Jarrott Productions version of this lesser known and performed work of Miller's is quite beautiful. This cast is comfortable and sharp, never pushing this chamber piece to The Edge of melodrama. It's so easy, even with great actors, to reduce a script like this to a lot of yelling, but it rarely happens here. In fact, the opposite is true. Director Fritz Ketchum has aimed his actors toward a certain kind of restraint that conveys the love, no matter how twisted the circumstances may be, that each of these characters have for each other. There are no shouting matches intended to dominate here, but a passion to be understood and heard. Scott Galbreath gives us a restrained, contemplative, gentle Victor, his performance is as perfectly straight forward and honest as Victor is himself. Amanda Cooley Davis gives us such a wonderful turn as Esther that I found myself imagining what her days looked like while Victor was away at work. Rick Smith conveys Walter with a certain earnestness that makes Victor's refusals of help seem foolish, and his Walter seems definitely out of place, much as he tries to fit in. He doesn't even possess the same dialect as the rest of the cast. As a character choice, however, this was a touch confusing. Dave Jarrott's Solomon is at once spry, bright eyed, sad and wise. His Solomon may not be past his own pain, but he's wisely embraced it.
The set is perfect considering such a tiny playing space and theatre, and surrounding the audience in stacked up furniture was a nice touch. As a stickler for blocking and how it informs character and pacing, I was impressed with Ketchum's choices. It was not only appropriate and well executed, but pretty, too.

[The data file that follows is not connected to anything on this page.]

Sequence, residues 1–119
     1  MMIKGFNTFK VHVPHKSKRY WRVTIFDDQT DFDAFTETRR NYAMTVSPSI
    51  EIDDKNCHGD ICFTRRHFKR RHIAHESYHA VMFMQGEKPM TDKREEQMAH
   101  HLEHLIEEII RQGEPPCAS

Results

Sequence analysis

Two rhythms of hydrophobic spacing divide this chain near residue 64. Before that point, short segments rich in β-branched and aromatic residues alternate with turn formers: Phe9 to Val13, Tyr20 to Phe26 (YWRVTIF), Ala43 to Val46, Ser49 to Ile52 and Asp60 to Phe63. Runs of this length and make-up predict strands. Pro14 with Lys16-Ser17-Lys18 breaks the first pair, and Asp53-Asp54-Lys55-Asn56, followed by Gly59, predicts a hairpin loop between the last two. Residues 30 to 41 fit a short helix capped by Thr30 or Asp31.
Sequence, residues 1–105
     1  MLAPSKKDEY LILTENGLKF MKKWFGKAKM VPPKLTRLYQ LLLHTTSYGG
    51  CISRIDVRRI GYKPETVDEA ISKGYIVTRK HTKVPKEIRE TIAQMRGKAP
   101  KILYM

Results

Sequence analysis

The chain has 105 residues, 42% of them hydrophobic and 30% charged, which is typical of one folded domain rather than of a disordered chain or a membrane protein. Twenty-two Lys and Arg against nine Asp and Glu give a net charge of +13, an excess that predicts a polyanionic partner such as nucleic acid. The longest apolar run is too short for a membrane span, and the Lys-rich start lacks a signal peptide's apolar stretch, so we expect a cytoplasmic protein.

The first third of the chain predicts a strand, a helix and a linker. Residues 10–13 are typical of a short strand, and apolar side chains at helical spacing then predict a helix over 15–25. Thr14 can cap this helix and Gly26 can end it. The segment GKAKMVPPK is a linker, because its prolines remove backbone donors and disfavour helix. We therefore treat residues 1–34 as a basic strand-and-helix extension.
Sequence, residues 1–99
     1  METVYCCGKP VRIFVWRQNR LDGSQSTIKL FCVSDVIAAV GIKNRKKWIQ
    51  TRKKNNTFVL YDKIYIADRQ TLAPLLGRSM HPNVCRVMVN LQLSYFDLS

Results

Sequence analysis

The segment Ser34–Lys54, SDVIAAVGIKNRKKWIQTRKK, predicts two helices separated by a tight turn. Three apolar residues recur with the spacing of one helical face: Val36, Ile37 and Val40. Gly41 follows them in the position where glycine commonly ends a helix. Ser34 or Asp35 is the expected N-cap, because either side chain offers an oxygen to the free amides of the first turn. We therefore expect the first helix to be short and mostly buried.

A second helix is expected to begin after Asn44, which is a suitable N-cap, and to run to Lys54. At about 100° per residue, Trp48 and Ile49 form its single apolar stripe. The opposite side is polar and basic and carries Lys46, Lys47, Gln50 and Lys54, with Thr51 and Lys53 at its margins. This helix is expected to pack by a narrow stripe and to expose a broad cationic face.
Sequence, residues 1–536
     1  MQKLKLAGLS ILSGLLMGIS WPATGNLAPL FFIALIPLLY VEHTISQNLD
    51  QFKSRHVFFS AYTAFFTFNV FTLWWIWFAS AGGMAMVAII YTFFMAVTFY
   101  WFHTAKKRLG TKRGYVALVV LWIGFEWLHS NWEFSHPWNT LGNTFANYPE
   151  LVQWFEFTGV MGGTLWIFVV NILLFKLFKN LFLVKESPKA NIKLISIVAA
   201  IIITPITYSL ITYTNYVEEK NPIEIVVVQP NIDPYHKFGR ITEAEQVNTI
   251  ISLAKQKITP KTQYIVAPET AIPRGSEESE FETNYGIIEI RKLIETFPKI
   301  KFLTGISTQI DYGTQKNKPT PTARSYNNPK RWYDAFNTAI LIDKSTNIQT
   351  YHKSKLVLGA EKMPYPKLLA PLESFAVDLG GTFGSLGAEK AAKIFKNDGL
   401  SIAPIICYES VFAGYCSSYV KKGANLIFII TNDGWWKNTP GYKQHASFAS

In the thick of so much theatre that is contemporary, experimental, edgy or bright and youthful, it's strangely refreshing to see a mature cast showcased in a nuanced classic work. It's a beautifully executed piece of theatre that should be assigned viewing for any avid Austin theatre-goer.
Straight forward plays such as THE PRICE don't require much in the way of lighting and sound, but the gramaphone calls for special notice. Victor cranks it up shortly after the start of the play, and listens to an infections laugh track. In the end, Solomon cranks it up, too. In between the two, lives a struggle for righting the future based on an imperfect past. There are choices and sacrifices and discontent. Victor and Walter are still paying a price for theirs, but Solomon, he's paid the cost of his, and earned his wisdom.
directed by Fritz Ketchum
Produced by Jarrott Productions
Trinity Street Theatre
901 Trinity Street
Running Time: Two hours with one fifteen minute intermission
September 28th through October 22nd